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27 March 2016

What care the Dead, for Chanticleer —

What care the Dead, for Chanticleer —
What care the Dead for Day?
'Tis late your Sunrise vex their face —
And Purple Ribaldry — of Morning

Pour as blank on them
As on the Tier of Wall
The Mason builded, yesterday,
And equally as cool —

What care the Dead for Summer?
The Solstice had no Sun
Could waste the Snow before their Gate —
And knew One Bird a Tune —

Could thrill their Mortised Ear
Of all the Birds that be —
This One — beloved of Mankind
Henceforward cherished be —

What care the Dead for Winter?
Themselves as easy freeze —
June Noon — as January Night —
As soon the South — her Breeze

Of Sycamore — or Cinnamon —
Deposit in a Stone
And put a Stone to keep it Warm —
Give Spices — unto Men —
                                                     F624 (1863)  J592

Dickinson gives no sign of cheer in this bleak poem about death. It is not a cosy rest in a snug coffin or a return to the bosom of earth. Nor is there any indication that departed souls have found a better place. Everything is cold and still, senseless.
  The poem begins with a heavy iambic phrase that will be repeated throughout the poem: "What care the Dead". The accented syllables are so stressed that it is almost an effort to say them, as if invoking the heavy, weighted immobility of the dead. In the first two stanzas Dickinson offers Morning with its rooster herald and its purple sunrise. But it is too late for the dead. Sunrise colors are now as blank to them as the surface of a new wall (perhaps that of a crypt) – and the risen sun is cool as its smooth marble.
  Summer makes its appearance in the next two stanzas but also to no avail. The cold snow of death cannot melted or wasted by even the solstice sun. If only a bird could find a tune that could be heard in the grave it would be forever 'beloved' and 'cherished' by Mankind. Dickinson, whose poetry reveals a deep love of birds, reminds us by these passages of the joys of being alive. There is the sky with all its colors, the warmth of the sun, the "thrill" of birdsong.
  The final two stanzas reflect on the coldness of death. Why should the dead worry about winter when they are as frozen in June as January? Winters' effects are as likely to disturb them as spices from the south, delivered on the wind, are to penetrate their stony tombs beneath their stony markers.

The poem's tone is sad, bitter, and elegiac. I see the poet at graveside or imagining herself at graveside contemplating death. With the Civil War losing tens of thousands of soldiers in the year this poem was written, it's no wonder Dickinson's thoughts would turn to the dead. With this in mind, a second, expanded reading of the poem is possible.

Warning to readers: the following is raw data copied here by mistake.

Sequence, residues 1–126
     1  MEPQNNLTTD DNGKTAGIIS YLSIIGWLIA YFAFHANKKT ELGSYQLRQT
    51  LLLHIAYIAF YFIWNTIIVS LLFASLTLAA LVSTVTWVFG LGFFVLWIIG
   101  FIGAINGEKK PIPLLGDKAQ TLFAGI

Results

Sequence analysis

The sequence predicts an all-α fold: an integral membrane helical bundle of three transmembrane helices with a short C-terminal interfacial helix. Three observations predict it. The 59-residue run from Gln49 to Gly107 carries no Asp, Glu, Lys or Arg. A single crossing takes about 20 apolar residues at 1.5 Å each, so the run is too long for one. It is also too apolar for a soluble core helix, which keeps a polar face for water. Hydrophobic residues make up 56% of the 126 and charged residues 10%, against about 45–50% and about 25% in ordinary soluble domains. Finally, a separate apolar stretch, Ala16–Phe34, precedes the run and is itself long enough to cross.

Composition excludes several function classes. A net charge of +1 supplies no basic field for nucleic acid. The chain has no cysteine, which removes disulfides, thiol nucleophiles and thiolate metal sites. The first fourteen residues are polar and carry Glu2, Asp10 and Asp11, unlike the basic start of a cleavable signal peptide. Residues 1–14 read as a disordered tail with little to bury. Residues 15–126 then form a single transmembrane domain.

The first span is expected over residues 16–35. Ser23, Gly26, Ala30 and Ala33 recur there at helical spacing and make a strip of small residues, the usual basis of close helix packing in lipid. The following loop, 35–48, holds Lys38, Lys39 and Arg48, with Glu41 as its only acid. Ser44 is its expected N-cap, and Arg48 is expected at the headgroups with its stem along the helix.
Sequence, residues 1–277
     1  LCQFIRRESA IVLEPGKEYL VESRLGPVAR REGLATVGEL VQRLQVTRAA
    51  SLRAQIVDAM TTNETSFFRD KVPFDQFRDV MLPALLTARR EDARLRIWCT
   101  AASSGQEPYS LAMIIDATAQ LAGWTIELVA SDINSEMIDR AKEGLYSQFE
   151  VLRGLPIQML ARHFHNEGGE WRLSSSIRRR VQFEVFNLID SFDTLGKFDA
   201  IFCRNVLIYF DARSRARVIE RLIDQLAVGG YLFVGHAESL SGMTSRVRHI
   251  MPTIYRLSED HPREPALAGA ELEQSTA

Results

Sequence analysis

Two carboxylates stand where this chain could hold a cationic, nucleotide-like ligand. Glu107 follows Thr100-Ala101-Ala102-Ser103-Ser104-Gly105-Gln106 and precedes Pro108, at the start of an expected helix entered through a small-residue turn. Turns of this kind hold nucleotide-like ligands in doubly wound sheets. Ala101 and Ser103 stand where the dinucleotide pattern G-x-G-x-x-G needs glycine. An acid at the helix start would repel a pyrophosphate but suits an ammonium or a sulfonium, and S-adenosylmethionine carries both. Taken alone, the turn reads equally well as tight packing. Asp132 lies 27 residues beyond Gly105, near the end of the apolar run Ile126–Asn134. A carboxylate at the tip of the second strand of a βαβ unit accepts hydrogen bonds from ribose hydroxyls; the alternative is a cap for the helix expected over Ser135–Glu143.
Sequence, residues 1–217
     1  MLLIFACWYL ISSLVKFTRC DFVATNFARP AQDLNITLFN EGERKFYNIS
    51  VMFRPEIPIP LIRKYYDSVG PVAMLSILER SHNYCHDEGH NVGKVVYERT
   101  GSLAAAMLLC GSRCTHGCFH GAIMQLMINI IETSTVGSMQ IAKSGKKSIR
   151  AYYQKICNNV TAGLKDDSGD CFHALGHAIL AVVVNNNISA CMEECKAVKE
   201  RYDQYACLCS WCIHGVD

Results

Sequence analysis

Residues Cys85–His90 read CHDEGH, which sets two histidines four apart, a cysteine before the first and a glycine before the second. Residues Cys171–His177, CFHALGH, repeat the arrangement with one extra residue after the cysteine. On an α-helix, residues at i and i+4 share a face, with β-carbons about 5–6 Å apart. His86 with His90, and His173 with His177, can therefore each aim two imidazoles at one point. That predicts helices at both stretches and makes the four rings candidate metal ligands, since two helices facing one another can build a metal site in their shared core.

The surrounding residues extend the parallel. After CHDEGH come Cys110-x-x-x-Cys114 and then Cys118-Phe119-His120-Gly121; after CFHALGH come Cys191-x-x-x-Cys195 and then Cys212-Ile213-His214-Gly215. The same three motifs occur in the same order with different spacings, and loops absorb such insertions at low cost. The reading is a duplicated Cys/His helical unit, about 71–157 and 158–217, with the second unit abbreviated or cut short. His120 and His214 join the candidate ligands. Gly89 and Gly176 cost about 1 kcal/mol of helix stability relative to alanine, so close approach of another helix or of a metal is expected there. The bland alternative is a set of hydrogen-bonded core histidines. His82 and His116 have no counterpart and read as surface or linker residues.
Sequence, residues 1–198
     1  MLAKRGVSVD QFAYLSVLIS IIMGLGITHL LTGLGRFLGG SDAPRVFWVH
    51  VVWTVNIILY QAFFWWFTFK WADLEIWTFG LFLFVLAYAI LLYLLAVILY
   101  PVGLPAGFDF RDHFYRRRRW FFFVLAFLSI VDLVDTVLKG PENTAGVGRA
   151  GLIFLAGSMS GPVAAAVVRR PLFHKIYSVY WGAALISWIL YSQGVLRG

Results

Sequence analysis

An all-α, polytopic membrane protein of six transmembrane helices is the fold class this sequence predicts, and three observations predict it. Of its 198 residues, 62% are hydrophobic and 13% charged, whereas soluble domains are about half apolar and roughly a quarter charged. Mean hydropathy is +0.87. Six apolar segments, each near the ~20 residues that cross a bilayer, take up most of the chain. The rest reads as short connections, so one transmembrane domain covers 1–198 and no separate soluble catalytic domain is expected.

Original and current Purple Hearts with their ribbons
  Dickinson begins by invoking the War. Sunrise colors are a 'Purple Ribaldry – of Morning'. The word play on 'ribbon'  (per Dickinson Lexicon) and 'morning' for 'mourning', along with the color purple, suggests the Purple Heart, a military decoration awarded to the wounded or killed in battle. The award began as the Badge of Military Merit in the Revolutionary War,  became the Medal of Honor in the Civil War, and the Purple Heart after WWI. Its color began as purple and is purple still. Sunrise pours the purple heart of mourning over the dead, vexing them. Too little, perhaps, and much too late. 
  The second stanza continues with memorialization. The stone masons build crypts, monuments and tombs for the dead – all of which are as meaningless or 'blank' as the Purple Ribaldry of Morning. The stone walls have no more warmth for the dead than the impotent sun. 
  The wrongness of these deaths is mirrored in the meter. While the poem is written in regular ballad meter, that last line of the first stanza is extremely irregular. It should be three iambic feet, just like all the rest of the stanzas' closing lines. Instead, Dickinson added "of Morning". The extra syllables and the trailing, unaccented ending (a "feminine" ending in poetry terms) call attention to themselves. We are meant to see the dawn colors as those of mourning – and to read what follows as memorial. That "Tier of Wall" isn't just a new wing off the kitchen. 

  It might be too much to read the One Bird's tune as "Taps," the solo funereal bugle call that originated in the Civil War, but that's what I hear when I read the poem as part of Dickinson's war opus. 
  The final image of the poem conjures a fragrant breeze from the South that is as likely to donate its spices as the dead are to care about winter. Despite being teasingly scented with spice, there is no way the southern wind is going to sweeten the sleep of the Union dead. The imagery and diction here make this a difficult stanza and I'm not confident in my interpretation. Dickinson's use of "Men" certainly makes no distinction between those of the North and those of the South.
  But what care the Dead about these distinctions of North versus South, about valor in battle? Their eternity is a cold blank.

The notion that the dead are senseless, that time has lost meaning, that they are in a blank, cold, quiet place indefinitely if not forever, is found in a few other Dickinson poems. In "As far from pity, as complaint" (F364) Dickinson describes the dead as being "numb to Revelation", as "far from time – as History"; and while the corpse is unresponsive, "Color's Revelations break – and blaze – the Butterflies!"
  Dickinson pens a couple of stanzas on the same theme in "A long – long Sleep – A famous – Sleep" (F463). Here the dead "bask the Centuries away" but never respond to morning, "Nor once look up – for Noon". Perhaps the most famous of these poems is "Safe in their alabaster chambers" (F124) where the dead sleep through eons as "firmanents – row" and "Worlds scoop their Arcs".